Post, USDA to begin deer cull

sdeer cull on post has been scheduled to begin Jan. 22 by the U.S. Department of Agriculture, Animal and Plant Health Inspection Service, Wildlife Services. (File photo by Nate Pesce)

By Fort Meade Public Affairs Office

In a continued effort to reduce Fort Meade’s deer population to acceptable levels, the U.S. Department of Agriculture, Animal and Plant Health Inspection Service, Wildlife Services has scheduled an additional deer cull on the installation set to begin Jan. 22.

The target goal for a herd is approximately 12 to 18 deer per square mile. Fort Meade’s population is currently measured at 37 deer per square mile.

The objective for this year’s cull is 100 deer.

Overpopulation is detrimental to the deer and the installation. According to the Fort Meade Environmental Division, damage to forest regeneration and impacts to landscaping caused by the deer are evident throughout Fort Meade.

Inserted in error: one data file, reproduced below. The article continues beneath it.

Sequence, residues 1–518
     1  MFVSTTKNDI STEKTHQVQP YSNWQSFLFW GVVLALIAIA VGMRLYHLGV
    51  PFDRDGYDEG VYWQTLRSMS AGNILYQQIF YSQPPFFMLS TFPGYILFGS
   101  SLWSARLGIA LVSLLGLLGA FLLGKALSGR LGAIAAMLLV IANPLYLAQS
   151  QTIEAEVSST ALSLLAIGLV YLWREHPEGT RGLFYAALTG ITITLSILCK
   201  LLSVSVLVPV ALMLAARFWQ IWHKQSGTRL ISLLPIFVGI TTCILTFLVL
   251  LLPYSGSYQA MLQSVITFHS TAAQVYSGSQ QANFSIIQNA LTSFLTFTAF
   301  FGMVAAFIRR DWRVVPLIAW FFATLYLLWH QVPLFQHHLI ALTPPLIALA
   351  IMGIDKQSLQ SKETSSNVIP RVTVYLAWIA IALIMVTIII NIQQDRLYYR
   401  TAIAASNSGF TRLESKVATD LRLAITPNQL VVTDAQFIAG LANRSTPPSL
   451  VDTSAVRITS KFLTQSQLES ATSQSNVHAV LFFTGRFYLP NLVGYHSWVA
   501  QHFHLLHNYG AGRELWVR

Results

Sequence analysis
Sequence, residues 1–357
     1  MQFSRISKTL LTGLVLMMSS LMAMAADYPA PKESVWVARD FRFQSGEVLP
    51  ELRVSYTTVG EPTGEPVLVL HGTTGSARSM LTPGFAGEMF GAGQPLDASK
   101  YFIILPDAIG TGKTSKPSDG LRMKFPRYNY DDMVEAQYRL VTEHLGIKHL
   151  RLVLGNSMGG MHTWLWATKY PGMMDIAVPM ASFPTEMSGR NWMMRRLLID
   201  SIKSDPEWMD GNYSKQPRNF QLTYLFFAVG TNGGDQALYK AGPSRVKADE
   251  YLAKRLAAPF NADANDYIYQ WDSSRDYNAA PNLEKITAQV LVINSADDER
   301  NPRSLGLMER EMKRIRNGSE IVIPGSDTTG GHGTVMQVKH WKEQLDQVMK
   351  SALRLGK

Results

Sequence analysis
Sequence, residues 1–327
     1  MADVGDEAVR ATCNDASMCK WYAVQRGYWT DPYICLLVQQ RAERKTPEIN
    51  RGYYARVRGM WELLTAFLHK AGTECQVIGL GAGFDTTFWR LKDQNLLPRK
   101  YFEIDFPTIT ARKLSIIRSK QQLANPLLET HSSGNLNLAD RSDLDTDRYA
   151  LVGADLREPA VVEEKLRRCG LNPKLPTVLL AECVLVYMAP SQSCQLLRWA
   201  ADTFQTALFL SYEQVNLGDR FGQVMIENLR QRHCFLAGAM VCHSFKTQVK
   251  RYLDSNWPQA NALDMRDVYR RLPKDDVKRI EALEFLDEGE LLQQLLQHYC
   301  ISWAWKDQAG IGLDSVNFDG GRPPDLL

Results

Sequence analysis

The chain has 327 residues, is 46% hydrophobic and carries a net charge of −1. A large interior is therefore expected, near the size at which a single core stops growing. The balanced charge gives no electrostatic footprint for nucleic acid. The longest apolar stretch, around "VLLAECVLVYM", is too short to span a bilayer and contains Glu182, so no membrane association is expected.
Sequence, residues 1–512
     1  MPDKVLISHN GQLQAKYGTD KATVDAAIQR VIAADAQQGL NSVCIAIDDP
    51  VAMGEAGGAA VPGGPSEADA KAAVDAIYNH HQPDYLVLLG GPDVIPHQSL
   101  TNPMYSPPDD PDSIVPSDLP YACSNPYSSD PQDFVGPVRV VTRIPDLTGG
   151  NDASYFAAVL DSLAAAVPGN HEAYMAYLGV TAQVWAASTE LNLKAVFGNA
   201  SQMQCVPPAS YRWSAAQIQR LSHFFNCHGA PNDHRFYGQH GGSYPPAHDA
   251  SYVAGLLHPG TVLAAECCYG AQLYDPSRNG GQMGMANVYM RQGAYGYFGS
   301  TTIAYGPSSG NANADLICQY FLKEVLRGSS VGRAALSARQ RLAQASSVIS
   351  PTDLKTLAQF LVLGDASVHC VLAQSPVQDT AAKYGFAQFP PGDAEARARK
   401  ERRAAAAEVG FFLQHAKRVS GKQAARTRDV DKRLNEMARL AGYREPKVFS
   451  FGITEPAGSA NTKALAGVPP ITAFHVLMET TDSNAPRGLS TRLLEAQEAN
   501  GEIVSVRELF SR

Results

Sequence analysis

In addition, despite slow speeds on post, deer-related vehicle accidents are still an issue on the installation, causing safety concerns.

There were 13 deer-related traffic collisions reported to the Directorate of Emergency Services on Fort Meade in 2014; 14 in 2015; and 14 in 2016.

Fort Meade’s deer population flourished in the enclosed area over several years. Hunting has not been allowed on Fort Meade for more than two decades.

Two USDA marksmen, teamed with a Directorate of Emergency Services representative, will conduct the cull between Jan. 22 and March 31.

The hours of the deer cull will be Monday through Thursday, after dark until approximately 1 a.m.

These times will help ensure the cull will not impact rush hour traffic.

Shooting zones will be directed away from structures, vehicles, equipment and bodies of water and focused on areas defined as having more than one deer.

The USDA Wildlife Services has a record of zero accidents and a 100 percent drop rate.

Like last year, a deer processor will prepare the meat for donation to the Maryland Food Bank. Fort Meade has donated more than 12,900 pounds of venison to the Maryland Food Bank since 2015.

Most of the meat was distributed to veteran-oriented charitable organizations.

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